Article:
7 Easy Ways to Improve Your Fitness

Lifting weights and sweating through cardio sessions shouldn’t only be goals for fitness enthusiasts. To maintain a healthy lifestyle, the American Heart Association (AHA) recommends at least 150 minutes of moderate intensity aerobic activity per week. This should involve a combination of cardio and resistance training. Benefits to achieving this target include improved heart health, cognitive function, and sleep.

As important as it is, exercising on a regular basis can be difficult for plenty of people. Balancing work and family obligations can often leave little time for self-care and exercise, and finding the motivation to work out at the end of a long day can be challenging. However, there are relatively easy ways to improve your fitness—no long, punishing gym sessions or insane diets required.

Below are seven simple things you can do to not only meet AHA exercise guidelines, but also improve your overall health.

Get Moving

You don’t necessarily have to designate big blocks of time to exercise to reach AHA’s 150-minute guideline. Sure, you can take an hour before or after work to run or jog, but simply walking while performing other tasks is acceptable. Walking your dog, for instance, counts as moderate activity. Walking while taking calls for work is also a great idea to easily burn some calories.

Another option is to exercise in quick spurts. Research has shown that completing four to six 30-second sprints is equally beneficial to your heart health as a moderate workout of 40 to 60 minutes. Consider sprinting to and from the mailbox or even jumping rope for a few minutes.

Exercise at Your Desk

It’s really not that difficult to burn more calories and engage in moderate physical activity during the average work day. Simply standing up burns calories at a slightly quicker pace compared to sitting down. There’s also a range of exercises that can easily be performed right at your desk. These include tricep dips, arm pulses, arm circles, desk push-ups, chair squats, and oblique twists, all of which can be done during downtime in small increments throughout the day.

For a more structured office workout, consider subscribing to Break Pal. This program involves push notifications that pop up on your monitor every 30 minutes with a series of exercises to complete in three minutes.

Treadmill and TV

It’s not uncommon to want to unwind and zone out in front of a comforting TV show at the end of a long work day. But you don’t have to be stationary while doing so. Instead, park a stationary bike or treadmill in front of your TV and burn some calories while you watch. If you don’t own any exercise equipment, visit the gym to watch your favorite shows.

Drive Less

Try to walk or ride a bike whenever possible. If your intended destination is within a 30-minute walk and you have the time to get there and back, save yourself the gas and the trouble of finding a parking spot. Not only will you receive the heart health benefits of physical activity, but you will also benefit simply from being outside. Spending time outdoors helps you get vitamin D, which supports bone health and boosts your immune system. Other benefits include stress and anxiety reduction as well as improved focus and creativity.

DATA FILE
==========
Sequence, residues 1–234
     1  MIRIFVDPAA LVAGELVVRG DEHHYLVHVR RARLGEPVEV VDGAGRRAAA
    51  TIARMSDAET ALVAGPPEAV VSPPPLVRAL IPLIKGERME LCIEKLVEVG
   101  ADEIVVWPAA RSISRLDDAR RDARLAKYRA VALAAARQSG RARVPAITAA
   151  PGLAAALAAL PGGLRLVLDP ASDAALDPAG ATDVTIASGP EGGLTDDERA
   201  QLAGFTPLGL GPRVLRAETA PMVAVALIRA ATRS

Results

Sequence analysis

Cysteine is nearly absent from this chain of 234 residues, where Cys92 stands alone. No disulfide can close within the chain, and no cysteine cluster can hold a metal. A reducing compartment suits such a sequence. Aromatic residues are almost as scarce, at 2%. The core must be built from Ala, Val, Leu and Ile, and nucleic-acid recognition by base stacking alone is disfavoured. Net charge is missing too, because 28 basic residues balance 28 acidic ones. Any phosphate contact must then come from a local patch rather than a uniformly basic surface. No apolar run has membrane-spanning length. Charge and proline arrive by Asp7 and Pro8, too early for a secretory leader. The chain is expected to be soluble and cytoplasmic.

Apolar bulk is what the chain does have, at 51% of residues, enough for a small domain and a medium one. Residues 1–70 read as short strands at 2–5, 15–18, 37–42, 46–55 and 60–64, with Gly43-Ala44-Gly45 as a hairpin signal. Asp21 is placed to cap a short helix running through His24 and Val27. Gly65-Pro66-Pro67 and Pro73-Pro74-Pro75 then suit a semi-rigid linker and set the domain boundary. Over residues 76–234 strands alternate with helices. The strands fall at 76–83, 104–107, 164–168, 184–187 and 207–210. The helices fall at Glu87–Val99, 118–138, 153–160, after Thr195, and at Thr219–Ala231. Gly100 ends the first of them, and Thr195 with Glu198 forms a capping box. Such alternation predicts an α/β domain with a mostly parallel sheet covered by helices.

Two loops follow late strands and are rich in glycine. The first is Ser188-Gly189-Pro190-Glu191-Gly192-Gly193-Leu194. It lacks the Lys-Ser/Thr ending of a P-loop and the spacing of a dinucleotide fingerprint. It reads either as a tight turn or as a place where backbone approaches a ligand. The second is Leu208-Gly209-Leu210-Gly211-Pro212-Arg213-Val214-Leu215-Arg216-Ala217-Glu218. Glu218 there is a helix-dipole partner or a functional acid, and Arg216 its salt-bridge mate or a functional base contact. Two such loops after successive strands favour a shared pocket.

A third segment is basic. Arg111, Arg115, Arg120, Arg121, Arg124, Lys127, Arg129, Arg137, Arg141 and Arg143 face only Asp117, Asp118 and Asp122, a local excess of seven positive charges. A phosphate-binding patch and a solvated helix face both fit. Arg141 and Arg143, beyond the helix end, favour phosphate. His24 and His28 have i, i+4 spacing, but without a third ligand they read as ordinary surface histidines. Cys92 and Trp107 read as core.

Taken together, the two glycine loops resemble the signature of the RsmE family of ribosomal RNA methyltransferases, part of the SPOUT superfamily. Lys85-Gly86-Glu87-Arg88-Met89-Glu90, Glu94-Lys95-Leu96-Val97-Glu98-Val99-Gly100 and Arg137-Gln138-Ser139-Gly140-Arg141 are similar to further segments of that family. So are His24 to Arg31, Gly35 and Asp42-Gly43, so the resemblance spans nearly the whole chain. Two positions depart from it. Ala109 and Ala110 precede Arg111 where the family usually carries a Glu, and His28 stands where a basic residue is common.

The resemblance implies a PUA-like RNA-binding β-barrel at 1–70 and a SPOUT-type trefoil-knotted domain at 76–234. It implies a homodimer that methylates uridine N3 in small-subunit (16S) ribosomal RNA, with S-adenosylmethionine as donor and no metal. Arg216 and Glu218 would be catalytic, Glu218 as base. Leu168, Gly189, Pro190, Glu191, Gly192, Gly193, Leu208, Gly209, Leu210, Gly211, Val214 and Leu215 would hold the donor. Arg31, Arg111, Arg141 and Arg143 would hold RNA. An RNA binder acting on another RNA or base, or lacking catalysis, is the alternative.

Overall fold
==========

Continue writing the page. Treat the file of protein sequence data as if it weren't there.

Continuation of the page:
Inconvenience Yourself

You can easily increase the amount of calories you burn on a daily basis simply by inconveniencing yourself when possible. For example, if you have to drive somewhere, park at the back of the lot as opposed to near the storefront. Taking the stairs instead of the elevator is another easy and effective way to burn additional calories.

Choose Lean Meats

Diet is an integral part of maintaining a healthy lifestyle. To that end, it’s important to eat relatively small-portioned meals with lean meats such as chicken, turkey, and seafood. These foods are high in muscle-building protein and are packed with healthy nutrients that support physical activity.

Eating five or six smaller meals as opposed to two or three large meals per day will also benefit your breathing when performing higher intensity workouts. Other appropriate high-protein foods include soybeans, pork tenderloin, whole eggs, black beans, and almonds. In addition to benefits such as increased metabolism, eating a high-protein diet can help burn calories. It’s estimated that as much as 30 percent of protein calories are burned during the digestive process.

Get Sufficient Sleep

Adults between the ages of 18 and 60 should sleep at least seven hours per night, according to the Centers for Disease Control and Prevention. This is crucial to maintain energy levels and support muscle recovery, but it can also promote healthier eating habits. A 2013 study published in Current Opinion in Clinical Nutrition & Metabolic Care found a link between lack of sleep and increased risk of obesity.

Fortunately, getting enough sleep shouldn’t be hard if you exercise regularly. Researchers at Johns Hopkins Center for Sleep have performed studies linking exercise to improved sleep quality. Thirty minutes of moderate aerobic activity is all it takes to see these benefits.

“It’s generally not going to take months or years to see a benefit,” notes Johns Hopkins Center for Sleep at Howard County General Hospital medical director Charlene Gamaldo. “And patients don’t need to feel like they have to train for the Boston Marathon to become a better sleeper.”